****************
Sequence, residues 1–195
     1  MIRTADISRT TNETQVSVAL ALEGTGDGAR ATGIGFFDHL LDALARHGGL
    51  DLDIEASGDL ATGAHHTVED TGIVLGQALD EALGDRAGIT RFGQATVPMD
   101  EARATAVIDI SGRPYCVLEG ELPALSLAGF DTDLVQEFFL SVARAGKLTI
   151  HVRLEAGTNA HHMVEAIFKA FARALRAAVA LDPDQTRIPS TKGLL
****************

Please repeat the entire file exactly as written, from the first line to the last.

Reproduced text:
Sequence, residues 1–195
     1  MIRTADISRT TNETQVSVAL ALEGTGDGAR ATGIGFFDHL LDALARHGGL
    51  DLDIEASGDL ATGAHHTVED TGIVLGQALD EALGDRAGIT RFGQATVPMD
   101  EARATAVIDI SGRPYCVLEG ELPALSLAGF DTDLVQEFFL SVARAGKLTI
   151  HVRLEAGTNA HHMVEAIFKA FARALRAAVA LDPDQTRIPS TKGLL